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Is your content running wild like a flock of sheep? Has some of it been out in the pasture allowed to graze for too long? Is it consistently being attacked by wolves? Choose your breed of wolf here, business partners, lawyers, writer wannabes? 

Let an Editorial Calendar help you protect and bring your content strategy under control.

What is an Editorial Calendar?

In traditional publishing, an editorial calendar is an old standby. Magazines, newspapers and television news stations have been using editorial calendars to organize their content for decades. It allows them to manage the numerous contributors who help produce the content (ad agencies, in-house advertising and PR teams, and freelance contributors). And it helps contributors pitch ideas around the theme of the month or program. And keeps contributors on schedule with due dates for submission.

But How Does it Relate to Content Strategy?

There are many tools in the content strategy toolbox, but none as taken for granted as the editorial calendar. An editorial calendar can help your company or your content team organize, manage and, more importantly, plan your content for months ahead of time.

Why Use an Editorial Calendar?

There are many reasons to use one. If you have a team of writers, you can organize them more effectively. If you want an integrated approach to content, you can manage the content, and keep it more consistent across different channels like social, marketing, web, tablet and mobile.

And for the marketer, when you cover a topic or a product, you integrate the message and increase the retention of that message for the target audience. You can cover a subject matter so much deeper when you can attack it from many angles and many writers. And then there’s that consistency word. When you know and plan for your content, you’re going to have more consistency.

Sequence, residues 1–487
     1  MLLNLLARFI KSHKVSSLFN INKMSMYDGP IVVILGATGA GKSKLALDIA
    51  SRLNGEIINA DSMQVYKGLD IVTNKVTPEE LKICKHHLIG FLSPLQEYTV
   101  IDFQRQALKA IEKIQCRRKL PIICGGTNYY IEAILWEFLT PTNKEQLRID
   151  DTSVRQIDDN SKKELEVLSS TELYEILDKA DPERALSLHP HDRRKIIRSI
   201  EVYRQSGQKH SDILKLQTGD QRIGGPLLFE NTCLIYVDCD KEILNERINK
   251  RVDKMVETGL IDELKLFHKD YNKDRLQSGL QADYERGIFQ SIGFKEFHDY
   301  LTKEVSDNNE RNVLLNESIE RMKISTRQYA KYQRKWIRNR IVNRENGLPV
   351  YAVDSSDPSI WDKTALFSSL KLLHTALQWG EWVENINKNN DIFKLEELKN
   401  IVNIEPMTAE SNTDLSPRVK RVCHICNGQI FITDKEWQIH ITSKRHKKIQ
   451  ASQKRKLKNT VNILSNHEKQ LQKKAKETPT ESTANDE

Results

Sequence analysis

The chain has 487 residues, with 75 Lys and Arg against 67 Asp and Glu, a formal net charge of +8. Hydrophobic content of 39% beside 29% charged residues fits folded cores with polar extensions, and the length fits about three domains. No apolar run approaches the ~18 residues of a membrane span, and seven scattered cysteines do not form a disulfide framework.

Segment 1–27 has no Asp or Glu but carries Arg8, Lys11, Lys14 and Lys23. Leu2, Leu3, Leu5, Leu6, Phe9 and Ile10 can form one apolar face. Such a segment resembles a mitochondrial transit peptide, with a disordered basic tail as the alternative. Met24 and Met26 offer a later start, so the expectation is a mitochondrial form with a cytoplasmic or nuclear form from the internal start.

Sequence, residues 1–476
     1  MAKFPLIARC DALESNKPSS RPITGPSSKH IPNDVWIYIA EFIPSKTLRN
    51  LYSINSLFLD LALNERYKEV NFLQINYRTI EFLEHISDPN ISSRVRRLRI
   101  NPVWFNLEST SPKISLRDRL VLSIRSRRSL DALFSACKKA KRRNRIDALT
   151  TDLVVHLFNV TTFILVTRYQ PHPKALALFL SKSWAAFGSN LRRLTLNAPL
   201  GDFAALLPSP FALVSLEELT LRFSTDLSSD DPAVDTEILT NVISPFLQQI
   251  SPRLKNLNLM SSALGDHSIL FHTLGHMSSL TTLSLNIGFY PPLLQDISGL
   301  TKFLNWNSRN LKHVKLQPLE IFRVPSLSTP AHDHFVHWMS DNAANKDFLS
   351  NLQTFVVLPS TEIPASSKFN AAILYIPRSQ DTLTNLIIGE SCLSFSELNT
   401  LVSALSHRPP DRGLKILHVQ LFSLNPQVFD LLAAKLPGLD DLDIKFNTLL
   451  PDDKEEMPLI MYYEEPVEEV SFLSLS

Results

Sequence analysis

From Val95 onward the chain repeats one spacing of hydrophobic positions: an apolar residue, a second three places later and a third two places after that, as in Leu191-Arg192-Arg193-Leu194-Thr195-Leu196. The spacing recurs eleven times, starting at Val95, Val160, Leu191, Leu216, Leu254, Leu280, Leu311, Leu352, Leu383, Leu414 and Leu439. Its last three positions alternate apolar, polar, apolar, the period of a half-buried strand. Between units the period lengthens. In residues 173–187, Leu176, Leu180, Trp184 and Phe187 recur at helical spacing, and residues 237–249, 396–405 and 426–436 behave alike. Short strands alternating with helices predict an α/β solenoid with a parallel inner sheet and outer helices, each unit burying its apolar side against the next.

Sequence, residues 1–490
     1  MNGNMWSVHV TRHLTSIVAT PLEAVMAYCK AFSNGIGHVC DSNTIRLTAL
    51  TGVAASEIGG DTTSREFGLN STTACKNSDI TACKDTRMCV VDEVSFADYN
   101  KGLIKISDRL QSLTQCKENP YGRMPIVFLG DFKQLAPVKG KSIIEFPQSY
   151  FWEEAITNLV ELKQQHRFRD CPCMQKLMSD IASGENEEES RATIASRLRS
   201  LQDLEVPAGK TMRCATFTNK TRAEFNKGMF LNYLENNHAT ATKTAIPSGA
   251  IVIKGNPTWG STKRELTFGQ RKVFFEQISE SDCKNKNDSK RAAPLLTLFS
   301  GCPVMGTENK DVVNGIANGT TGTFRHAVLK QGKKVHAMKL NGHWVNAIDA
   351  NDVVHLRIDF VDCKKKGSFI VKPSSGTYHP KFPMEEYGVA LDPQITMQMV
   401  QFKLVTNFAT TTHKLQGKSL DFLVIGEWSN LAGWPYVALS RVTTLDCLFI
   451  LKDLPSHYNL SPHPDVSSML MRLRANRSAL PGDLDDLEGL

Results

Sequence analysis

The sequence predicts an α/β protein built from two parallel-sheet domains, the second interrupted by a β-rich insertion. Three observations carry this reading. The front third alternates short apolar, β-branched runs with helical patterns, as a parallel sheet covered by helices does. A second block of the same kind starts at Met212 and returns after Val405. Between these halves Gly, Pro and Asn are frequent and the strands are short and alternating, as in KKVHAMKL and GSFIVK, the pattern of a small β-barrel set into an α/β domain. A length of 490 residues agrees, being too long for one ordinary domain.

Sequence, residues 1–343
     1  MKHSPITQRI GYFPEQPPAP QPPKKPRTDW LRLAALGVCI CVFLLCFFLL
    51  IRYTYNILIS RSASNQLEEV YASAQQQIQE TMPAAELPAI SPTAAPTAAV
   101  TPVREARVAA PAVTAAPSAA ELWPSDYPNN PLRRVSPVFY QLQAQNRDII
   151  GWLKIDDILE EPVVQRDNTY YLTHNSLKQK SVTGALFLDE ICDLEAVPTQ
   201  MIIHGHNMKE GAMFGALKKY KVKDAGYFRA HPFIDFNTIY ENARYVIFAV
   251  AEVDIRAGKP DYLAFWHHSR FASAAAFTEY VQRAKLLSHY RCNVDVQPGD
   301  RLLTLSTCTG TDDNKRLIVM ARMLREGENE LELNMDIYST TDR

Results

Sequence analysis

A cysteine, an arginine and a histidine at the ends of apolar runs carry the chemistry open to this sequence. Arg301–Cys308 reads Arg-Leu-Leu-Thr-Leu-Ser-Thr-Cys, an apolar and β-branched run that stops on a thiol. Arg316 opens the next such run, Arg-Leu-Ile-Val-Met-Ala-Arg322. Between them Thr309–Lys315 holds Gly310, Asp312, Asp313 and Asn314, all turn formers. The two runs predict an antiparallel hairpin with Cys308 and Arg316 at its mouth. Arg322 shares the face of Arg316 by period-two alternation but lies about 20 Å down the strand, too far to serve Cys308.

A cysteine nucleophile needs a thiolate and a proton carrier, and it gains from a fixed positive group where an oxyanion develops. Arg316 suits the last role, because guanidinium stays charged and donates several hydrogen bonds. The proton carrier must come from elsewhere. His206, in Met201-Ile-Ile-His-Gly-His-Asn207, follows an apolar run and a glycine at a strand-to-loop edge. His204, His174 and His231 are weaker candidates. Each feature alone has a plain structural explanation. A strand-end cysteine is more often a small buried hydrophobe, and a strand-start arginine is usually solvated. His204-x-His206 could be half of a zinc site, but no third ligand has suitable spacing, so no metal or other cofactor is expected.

You can also use an editorial calendar to brainstorm. Publish your editorial calendar with suggested themes, bring your different content authors from inside and outside the organization together to discuss ideas and brainstorm.

While Twitter posts may seem spontaneous and reserved for timely information, tweets can be and often are planned. In fact, timely information has been planned for a long time. Television news has been using feature pieces for decades to fill slow news days. An editorial calendar can do the same for your social posts.

Who Shouldn’t Use an Editorial Calendar?

If you’re in a reactionary content ecosystem or your organization doesn’t value content, you may not want to attempt an editorial calendar. Not yet. It might be better to build your reputation first and then create the right atmosphere for the company or business partners to accept an editorial calendar.

How do you Build an Editorial Calendar?

Everything from an Excel spreadsheet to Sharepoint to the cloud has been used to produce an editorial calendar. What is best is up to you. I like the cloud like Google Docs, Google Calendar or Sharepoint. Each allows teams to work and communicate virtually. And you won’t clog up emails with attachments. Plus with Sharepoint, you can view your calendar monthly and then download it into an excel spreadsheet and see all the nitty gritty details.

But both Google and Sharepoint have their limitations. Some companies are uncomfortable with their sensitive information like product launches out on a cloud or in Google docs. So proceed with caution.

First you need to ask what the purpose of the editorial calendar. Is it to manage delivery dates? Is it to manage and create consistency across messages? Is it to organize cross-functional authors? Is it to define the purposed of the content?

Here’s what you can capture in your editorial calendar:

  • Theme/Name
  • Author’s Name
  • Type of Content: Marketing Banner, Blog, Landing page, Product page, Interactive tool/Widget, App, Game, etc.
  • Headline
  • Metadata
  • Date Published/Live Date
  • Submission Date
  • Content Purpose: Build Awareness, Educate, Drive Traffic, Conversion, Increase SEO, etc.
  • Target Audience
  • Result: Page Views, Re-Tweets, Downloads, etc.

Remember, it’s yours to define. Think about what you may want to get out of your calendar, what you want to keep track of and what will make your content more relevant.

Then, let your editorial calendar round up your content and steer it where you want it to go.

Image courtesy of rafa sanchez ruiz (Shutterstock)

Editor's Note: Want to read more of Lori's Content Strategy suggestions? Then read Content Gardens: The Content Lifecycle